Acta Neurochirurgica (2020) 162:2533–2536
Metastatic cervical spine disease can cause compression fractures, cervical spine instability, and pain. Vertebroplasty can stabilize a fracture, reduce the pain associated with a compression fracture, prevent or stop the progression of a fracture, thus avoiding cervical spine fixation, and decreased mobility. Transoral C2 vertebroplasty is less invasive than open fusion surgery, but it poses its own risk of infection and cement leak in this highly sensitive area.
Methods The image guidance setup consisted of the Stryker NAV3i navigation system, Stryker CranialMask tracker, and the CranialMap 3.0 software combined with biplanar fluoroscopy.
Results The patient’s neck pain has completely resolved immediately after the surgery. There were no complications.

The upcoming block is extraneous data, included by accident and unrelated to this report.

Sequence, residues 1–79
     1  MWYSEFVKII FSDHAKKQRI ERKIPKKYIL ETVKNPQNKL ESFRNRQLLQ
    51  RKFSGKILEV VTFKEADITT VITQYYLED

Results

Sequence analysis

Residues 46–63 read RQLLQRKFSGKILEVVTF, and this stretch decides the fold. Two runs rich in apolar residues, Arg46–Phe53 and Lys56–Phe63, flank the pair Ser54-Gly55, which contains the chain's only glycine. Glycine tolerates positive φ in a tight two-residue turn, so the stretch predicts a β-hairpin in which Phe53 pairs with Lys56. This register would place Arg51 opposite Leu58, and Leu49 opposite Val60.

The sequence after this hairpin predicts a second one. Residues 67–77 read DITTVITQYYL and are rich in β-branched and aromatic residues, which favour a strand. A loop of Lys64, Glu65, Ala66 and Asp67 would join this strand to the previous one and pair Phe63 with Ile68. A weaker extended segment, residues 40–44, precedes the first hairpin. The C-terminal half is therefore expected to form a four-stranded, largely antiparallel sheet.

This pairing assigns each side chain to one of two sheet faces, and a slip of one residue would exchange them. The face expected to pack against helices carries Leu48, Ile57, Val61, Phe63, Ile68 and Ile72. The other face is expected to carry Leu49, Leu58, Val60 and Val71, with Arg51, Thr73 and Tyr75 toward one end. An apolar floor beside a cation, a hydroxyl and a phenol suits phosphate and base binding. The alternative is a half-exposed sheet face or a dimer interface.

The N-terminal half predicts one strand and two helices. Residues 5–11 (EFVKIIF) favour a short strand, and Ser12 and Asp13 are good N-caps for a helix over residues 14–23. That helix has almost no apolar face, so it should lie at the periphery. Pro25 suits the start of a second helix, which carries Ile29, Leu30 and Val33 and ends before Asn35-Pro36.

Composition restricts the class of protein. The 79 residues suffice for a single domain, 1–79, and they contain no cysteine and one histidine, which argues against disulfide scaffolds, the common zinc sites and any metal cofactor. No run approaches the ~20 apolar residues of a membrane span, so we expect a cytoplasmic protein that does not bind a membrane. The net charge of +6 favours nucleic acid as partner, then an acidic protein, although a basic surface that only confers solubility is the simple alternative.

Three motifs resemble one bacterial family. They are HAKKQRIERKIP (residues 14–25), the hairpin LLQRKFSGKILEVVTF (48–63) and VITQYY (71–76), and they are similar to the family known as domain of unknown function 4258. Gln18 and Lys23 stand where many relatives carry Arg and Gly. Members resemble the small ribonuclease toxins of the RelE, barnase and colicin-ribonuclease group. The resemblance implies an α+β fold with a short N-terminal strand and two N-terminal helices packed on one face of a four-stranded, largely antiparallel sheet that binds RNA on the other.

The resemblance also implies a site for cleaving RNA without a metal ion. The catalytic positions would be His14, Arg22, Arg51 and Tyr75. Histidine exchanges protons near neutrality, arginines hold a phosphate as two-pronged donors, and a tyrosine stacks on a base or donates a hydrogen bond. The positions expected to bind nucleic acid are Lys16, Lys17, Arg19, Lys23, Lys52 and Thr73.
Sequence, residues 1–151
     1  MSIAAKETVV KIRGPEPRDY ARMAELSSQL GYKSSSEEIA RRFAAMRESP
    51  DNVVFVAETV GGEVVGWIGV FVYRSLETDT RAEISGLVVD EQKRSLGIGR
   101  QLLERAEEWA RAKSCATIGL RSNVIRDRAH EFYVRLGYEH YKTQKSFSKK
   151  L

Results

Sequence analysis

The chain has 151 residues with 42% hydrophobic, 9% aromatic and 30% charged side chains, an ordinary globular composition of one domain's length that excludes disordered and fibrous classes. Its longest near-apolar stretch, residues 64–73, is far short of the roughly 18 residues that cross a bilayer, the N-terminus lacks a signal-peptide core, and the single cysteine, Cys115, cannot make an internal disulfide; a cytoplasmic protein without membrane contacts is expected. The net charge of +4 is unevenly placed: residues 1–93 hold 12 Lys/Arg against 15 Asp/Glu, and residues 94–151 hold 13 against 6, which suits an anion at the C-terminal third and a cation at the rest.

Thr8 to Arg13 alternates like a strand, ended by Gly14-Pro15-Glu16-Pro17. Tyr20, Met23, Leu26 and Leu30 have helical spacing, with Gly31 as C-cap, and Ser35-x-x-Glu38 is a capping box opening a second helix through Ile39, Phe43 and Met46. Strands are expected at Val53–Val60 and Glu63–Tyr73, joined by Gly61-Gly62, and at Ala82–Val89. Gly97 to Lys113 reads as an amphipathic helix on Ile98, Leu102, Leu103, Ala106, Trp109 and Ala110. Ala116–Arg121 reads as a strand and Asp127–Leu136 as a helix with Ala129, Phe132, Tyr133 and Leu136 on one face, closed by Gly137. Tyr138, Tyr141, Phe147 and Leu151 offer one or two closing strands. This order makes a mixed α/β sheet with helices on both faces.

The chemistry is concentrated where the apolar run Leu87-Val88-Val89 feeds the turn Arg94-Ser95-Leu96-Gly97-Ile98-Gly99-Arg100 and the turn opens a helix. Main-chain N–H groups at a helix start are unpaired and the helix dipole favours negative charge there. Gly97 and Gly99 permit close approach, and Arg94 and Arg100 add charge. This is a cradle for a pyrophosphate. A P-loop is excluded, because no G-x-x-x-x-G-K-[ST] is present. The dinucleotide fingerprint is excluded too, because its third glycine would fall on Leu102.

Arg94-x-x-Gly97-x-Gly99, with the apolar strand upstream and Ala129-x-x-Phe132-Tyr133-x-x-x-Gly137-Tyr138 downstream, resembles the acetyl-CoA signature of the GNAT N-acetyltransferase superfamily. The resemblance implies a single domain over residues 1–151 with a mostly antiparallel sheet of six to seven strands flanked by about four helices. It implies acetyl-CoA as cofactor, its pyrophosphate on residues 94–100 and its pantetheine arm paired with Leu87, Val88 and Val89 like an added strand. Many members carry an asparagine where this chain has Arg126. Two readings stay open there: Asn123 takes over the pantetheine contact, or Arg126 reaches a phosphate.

Conclusion Quality of life preservation is paramount in the management of metastatic spine disease. Vertebroplasty of osteolytic lesions can both relieve pain and restore stability, thus avoiding permanent stiff cervical collar, halo vest, or upfront occipitocervical fusion. With the increasing availability of surgical navigation systems, its use combined with biplanar fluoroscopy for performing transoral C2 vertebroplasty seems to be an adequate treatment in selected cases for pain relief, stabilization, and maintaining quality of life in the complex cancer population with C2 pathological fractures. The article describes as well vertebroplasty of the subaxial spine through a conventional anterior approach which again seems to be adequate in the treatment of spinal pathological fractures.
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